He adds that by asking him to read 5 pages of material that differs from his preferred viewpoint I have demanded the impossible since he cannot spend his “entire life reading ancient Hebrew, Persian, Aramaic, Greek, Latin, Jewish, Greek, Roman, and Christian, laws, plays, poems, fables, and moral exhortations on sexuality, in the original languages, plus all associated scholarly literature produced in the last 40 years”; that he doesn’t have time to spend “his entire career doing [this] work.” Does not anyone not see the ridiculousness of this claim by the Distinguished University Professor of Christian Ethics and Director of the Center for Theology and Public Life at Mercer University?

Could you imagine an undergraduate, let alone first-year M.Div. student, far from a tenured full professor, making that kind of remark? “No, professor, I can’t read 5 pages of a single key work that condenses the work of the principal scholar who disagrees with my agenda because I can’t spend my entire life reading Hebrew, Persian, Aramaic, Greek, etc., and all the scholarly literature produced in the past 40 years.” Well, I wasn’t asking you to read all this, now was I?

Brave soul that he is, Dr. Gushee is resolute: “I will continue to publish articles each week @abp/rh on this LGBT issue reflecting my best, highly fallible, time-limited effort to address the relevant dimensions of the problem…. I will not be intimidated or rebuked into silence. I will follow what I believe Jesus is calling me to do.”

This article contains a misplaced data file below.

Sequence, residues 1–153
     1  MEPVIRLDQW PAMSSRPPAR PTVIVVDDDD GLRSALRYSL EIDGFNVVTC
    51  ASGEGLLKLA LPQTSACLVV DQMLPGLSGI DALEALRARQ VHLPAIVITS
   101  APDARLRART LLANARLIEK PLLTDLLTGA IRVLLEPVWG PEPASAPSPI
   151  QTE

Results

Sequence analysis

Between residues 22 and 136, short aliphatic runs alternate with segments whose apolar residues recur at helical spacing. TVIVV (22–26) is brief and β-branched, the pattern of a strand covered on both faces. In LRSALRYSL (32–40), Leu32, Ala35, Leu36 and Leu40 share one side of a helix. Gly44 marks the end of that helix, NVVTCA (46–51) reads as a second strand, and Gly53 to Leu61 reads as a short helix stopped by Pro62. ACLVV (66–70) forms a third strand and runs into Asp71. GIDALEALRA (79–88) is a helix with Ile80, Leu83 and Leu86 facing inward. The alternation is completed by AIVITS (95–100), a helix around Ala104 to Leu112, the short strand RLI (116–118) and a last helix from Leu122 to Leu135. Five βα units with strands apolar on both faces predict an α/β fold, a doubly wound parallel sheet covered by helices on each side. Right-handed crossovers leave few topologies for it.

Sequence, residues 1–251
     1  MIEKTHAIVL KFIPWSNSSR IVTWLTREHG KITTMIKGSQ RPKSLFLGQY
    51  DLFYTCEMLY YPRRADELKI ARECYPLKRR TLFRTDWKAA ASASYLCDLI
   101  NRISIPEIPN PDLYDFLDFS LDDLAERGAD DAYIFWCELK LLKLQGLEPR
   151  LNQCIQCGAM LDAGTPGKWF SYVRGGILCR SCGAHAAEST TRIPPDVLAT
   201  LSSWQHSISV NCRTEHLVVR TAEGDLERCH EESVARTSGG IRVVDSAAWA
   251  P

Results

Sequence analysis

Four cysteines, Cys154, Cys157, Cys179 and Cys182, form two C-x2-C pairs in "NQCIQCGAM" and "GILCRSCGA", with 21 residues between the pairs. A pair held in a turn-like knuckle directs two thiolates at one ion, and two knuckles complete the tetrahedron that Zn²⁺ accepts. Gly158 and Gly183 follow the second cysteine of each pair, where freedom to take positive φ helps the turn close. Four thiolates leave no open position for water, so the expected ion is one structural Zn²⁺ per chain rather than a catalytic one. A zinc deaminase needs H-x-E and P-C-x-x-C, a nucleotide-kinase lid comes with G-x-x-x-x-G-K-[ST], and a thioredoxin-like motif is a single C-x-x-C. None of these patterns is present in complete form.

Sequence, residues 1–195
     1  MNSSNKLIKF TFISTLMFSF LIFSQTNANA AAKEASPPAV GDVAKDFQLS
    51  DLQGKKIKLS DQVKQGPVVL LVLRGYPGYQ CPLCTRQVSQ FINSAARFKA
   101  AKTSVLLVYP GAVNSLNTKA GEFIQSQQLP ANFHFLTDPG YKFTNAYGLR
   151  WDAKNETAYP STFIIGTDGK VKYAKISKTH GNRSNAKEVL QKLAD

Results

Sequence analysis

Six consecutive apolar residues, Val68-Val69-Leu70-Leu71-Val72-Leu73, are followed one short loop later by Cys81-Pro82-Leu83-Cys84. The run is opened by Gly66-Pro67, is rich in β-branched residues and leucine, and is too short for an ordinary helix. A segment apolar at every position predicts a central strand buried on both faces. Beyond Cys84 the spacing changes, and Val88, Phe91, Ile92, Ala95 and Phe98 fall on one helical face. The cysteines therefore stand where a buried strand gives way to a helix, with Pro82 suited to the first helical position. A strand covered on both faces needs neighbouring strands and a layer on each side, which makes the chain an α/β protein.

When did I ever want you not to follow Jesus? Just don’t cite Jesus as justification for shoddy work that deliberately hides from readers the problems with your position. Apparently now “intimidation” occurs when one scholar shows the deficiencies of a poorly researched and poorly argued position by another scholar who has the intellectual wherewithal to do much better but refuses to spend even a half hour to investigate the counterarguments.

Dr. Gushee has recast bad scholarship as martyrdom. According to him there are only two kinds of people in the world: Those who care for same-sex attracted persons and those who don’t. He feels that love for same-sex attracted persons demands that we twist Scripture to mean what it can’t possibly mean, read in its historical and literary context, so that such persons can now enter into homosexual unions free of any societal reservation or stricture.

Never mind that Paul viewed such behavior as a dishonoring of the integrity of one’s gender vis-à-vis one’s own sex or that Jesus viewed a male-female prerequisite for sexual relations as foundational for sexual ethics according to God. All of that must be dispensed since it can’t possibly be loving to believe such things. Jesus reached out in love to the biggest violators of God’s ethical demands, to both exploiters of the poor (tax collectors) and the sexually immoral, but did not in the process compromise that ethical demand. To have compromised that demand would have left the offenders under God’s judgment. Gushee apparently thinks that he is a better, more compassionate ethicist than Jesus.

I guess from now on I don’t need to pay attention to what Jesus and Paul really said. I can make them say what I want them to say (through bad scholarship) and call anything other than that a hate-filled message. When I get critiqued by another scholar, one who has done far more work exploring the issues and who wants me to pay a little attention to counterarguments to my position, even if it only takes half an hour to discover what some of those are, I can play the martyr card and declare that I will not be silenced.

Ah, the life of the scholar who espouses antiscriptural positions. Isn’t it wonderful?